For your forgotten information, we have to point out, that when in 1936 the name of our country was changed from PERSIA to IRAN we, The Iranians did not feel proper, or justified to change the old well established authentic name of PERSIAN GULF to IRANIAN GULF!

Have you ever thought why we refrained to do so? Are we Iranians more responsible not to fiddle with the Geographical names than you are?

For the same reason, nobody, worst of the them NATIONAL GEOGRAPHIC has any reason or right to change the ancient geographic name. By adhering to this kind of unbecoming action you add to the confusion, misunderstanding, conflicts, political, economic upheaval, worst than what already prevails in that region.

Have you ever thought that if the case is taken to the International Tribunal against your false publication, what would be your justification & authentic answer for such a deliberate irresponsible act?

It is essential to bring to your notice, that if the 65 million or so Iranians just walk across the PERSIAN GULF, as they did so, on Sadam Hussein’s land mines, what remains from the hand full of the inhabitants of the other side of that shallow water?

We await the proper correction of your recent map & your apology to the entire world for committing such a grave uncalled for mistake.

The Speaker for the United Iranian constitutional Monarchists

Abdol Reza Heidari M.D.

To protest National Geographic actions, Just copy and paste the address below to lodge a protest:


Or e-mail: ngsforum@nationalgeographic.com

Or contact them directly: http://www.nationalgeographic.com/community/email.html

Mailing Addresses

National Geographic Society
1145 17th Street N.W.
Washington, D.C. 20036-4688

General Information
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PostPosted: Thu Nov 25, 2004 12:50 am    Post subject: Reply with quote

Don't forget:

We needs Articles published in websites, and hopefully other Media, containing the word:

.......>L I T T L E Britain

I find the phrase " great britain " exagerated and misleading.


it's just a tiny little island.
Long live Iran.
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PostPosted: Thu Nov 25, 2004 5:39 am    Post subject: Reply with quote

oh my! havent you made a fool of yourself! your rage is out of control! we should report you! Rolling Eyes this is exactly the hypocracy i was talking about on the dear limey assholes thread
"When on the battlefield if you have the sole intention of breaking into the enemy lines, you will manifest martial valour. Furthermore if you are slain in battle you should be resolved to having your corpse facing the enemy" - Yamamoto tsunetomo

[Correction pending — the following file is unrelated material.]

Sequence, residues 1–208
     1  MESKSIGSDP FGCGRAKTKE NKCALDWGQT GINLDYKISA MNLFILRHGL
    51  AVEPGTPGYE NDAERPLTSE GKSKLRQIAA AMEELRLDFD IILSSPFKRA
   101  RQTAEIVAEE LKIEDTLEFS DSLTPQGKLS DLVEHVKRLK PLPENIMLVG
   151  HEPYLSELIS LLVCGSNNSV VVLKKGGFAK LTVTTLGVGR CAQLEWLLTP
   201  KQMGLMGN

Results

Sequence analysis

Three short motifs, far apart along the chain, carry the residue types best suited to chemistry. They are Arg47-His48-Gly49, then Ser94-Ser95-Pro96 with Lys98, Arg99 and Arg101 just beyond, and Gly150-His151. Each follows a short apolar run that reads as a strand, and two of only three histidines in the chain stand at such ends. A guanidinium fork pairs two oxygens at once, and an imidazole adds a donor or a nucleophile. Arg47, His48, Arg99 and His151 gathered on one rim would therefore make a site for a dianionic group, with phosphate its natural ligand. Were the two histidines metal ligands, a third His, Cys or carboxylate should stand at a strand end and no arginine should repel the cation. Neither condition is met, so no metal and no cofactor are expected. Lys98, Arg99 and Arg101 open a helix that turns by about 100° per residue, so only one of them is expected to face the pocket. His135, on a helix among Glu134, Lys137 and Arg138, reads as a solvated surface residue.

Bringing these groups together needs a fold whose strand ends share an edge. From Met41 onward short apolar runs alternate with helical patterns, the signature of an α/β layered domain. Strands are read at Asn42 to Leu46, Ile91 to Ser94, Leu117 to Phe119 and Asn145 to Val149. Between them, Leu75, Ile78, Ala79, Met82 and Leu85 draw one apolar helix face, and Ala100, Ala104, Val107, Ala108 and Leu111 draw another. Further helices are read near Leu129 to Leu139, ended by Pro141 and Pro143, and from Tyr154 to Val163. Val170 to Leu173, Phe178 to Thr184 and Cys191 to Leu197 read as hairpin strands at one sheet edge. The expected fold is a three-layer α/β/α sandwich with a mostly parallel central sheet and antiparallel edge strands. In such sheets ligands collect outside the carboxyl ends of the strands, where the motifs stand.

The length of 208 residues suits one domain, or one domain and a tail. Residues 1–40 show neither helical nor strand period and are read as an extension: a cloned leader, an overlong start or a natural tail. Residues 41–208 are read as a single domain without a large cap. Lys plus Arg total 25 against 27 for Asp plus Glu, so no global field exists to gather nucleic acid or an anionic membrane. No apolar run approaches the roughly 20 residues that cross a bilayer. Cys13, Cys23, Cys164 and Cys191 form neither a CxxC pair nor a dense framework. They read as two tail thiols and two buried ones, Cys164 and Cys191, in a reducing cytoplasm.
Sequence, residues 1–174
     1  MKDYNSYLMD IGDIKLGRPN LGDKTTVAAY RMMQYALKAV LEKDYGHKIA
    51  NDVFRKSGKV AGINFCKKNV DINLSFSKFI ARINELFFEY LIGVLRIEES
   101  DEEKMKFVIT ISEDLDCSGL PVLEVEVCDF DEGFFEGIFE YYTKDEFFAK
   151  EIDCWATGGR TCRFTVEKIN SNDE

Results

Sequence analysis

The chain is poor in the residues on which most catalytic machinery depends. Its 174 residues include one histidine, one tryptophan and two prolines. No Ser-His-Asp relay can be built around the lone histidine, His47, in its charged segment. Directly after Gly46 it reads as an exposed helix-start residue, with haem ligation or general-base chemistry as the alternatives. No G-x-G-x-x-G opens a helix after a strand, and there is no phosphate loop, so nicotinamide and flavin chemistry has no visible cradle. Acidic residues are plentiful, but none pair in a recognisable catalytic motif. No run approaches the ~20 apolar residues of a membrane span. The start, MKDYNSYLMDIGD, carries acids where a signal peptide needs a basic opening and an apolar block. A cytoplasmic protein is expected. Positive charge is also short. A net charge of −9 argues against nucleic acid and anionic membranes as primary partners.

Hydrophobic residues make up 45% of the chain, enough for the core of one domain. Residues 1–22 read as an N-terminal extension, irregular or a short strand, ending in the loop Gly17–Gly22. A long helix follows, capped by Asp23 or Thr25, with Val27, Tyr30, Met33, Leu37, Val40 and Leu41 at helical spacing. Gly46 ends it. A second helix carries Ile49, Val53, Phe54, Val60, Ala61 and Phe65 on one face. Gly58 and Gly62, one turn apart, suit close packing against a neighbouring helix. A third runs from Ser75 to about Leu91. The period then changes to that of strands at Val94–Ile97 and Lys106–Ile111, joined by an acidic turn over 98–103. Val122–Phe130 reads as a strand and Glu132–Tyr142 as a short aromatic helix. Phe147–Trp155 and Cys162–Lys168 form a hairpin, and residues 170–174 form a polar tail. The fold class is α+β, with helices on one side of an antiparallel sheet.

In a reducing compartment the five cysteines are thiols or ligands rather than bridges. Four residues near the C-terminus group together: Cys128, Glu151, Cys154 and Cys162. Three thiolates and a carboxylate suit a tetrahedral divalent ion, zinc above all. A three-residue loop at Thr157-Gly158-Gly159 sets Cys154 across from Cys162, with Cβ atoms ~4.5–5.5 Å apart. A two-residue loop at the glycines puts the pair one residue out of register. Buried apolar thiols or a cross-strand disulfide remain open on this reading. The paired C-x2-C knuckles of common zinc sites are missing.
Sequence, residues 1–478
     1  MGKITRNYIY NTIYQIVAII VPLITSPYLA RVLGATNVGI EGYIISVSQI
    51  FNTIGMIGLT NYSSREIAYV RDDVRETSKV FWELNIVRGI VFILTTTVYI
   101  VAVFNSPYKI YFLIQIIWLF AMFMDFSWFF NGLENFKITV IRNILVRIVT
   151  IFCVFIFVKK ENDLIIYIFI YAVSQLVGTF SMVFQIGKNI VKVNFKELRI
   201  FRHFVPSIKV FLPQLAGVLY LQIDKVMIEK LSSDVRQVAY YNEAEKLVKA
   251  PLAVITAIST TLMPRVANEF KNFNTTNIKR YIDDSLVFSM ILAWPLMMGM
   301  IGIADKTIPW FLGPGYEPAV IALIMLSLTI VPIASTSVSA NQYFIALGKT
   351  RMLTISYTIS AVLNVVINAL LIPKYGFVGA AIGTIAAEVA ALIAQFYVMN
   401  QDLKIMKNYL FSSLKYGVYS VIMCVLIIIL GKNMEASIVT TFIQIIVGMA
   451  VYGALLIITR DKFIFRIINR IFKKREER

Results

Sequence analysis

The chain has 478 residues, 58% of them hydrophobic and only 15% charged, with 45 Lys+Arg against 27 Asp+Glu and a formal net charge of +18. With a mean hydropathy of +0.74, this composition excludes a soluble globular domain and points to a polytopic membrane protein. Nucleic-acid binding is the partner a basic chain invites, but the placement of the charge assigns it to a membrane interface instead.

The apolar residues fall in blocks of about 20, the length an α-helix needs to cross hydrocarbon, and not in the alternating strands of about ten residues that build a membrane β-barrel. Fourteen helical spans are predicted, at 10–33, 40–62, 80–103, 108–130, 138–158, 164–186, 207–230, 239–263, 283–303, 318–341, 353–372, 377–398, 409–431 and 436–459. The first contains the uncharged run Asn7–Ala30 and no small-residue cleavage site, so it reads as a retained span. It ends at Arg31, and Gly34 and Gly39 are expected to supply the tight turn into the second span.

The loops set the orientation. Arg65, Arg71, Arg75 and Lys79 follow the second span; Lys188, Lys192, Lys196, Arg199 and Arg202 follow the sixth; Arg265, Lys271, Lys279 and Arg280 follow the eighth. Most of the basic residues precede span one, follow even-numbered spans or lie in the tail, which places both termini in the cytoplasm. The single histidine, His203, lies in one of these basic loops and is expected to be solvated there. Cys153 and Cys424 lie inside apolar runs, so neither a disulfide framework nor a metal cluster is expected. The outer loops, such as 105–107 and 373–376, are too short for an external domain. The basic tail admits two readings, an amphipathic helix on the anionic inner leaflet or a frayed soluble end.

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PostPosted: Thu Nov 25, 2004 12:31 pm    Post subject: Press release by National Geographic Journal re. 'Persian G Reply with quote

National Geographic Magazine.

Your press release concerning the NAME CHANGE of PERSIAN GULF is contrary to your principle of being scientific, non partisan, educational, non political, authentic publication.

You have not observed any of the above.

Worst is your partisan claim that the three islands in Persian Gulf is claimed by UAE, as occupied by Iran. That by itself is taking sides, which is beyond your above said principals.

As an Iranian, ex subscriber to your Magazine I am not at all satisfied or convinced of your clarification and impartiality.

Any inclusion of political conflict between two nations, not only is contrary to scientific spirit of your magazine, it brings down your publication to the level of ordinary gossip mongering, tabloid trash magazine.

You are very well aware of what I am getting at, but trying to bit around the bush to cover your terrible mistake.

That is futile, since that kind of excuse could not be considered from apparently ex-prestigious magazine, such as National Geographic Magazine.

You mention that you did the same thing in 1991, which is true. But, at that time, I did send you back your world map & pointed out your mistake. You apologised for non observance of your principals. To adhere to your first mistake as a pretext to cover up your second one is indeed terribly childish.

You should always have in mind the kind of your readers, who are well educated & sufficiently aware of the world affairs; to fool such a readership by irrelevant excuse is under estimating the capacity of your readership! That is indeed bizarre!


H. Hakimi,



Statement on Persian Gulf/Arabian Gulf

National Geographic Books has recently published its Eighth Edition Atlas of the World. Questions have been raised regarding the decision to use both a primary name, "Persian Gulf", and an alternative secondary name, (Arabian Gulf), for the body of water situated between Iran and the Arabian Peninsula. This designation appears on two map plates in the Eighth Edition Atlas of sufficient scale for this level of detail. While National Geographic considers "Persian Gulf" to be the primary name, it has been the Society's cartographic practice to display a secondary name in parentheses when use of such a name has become commonly recognized.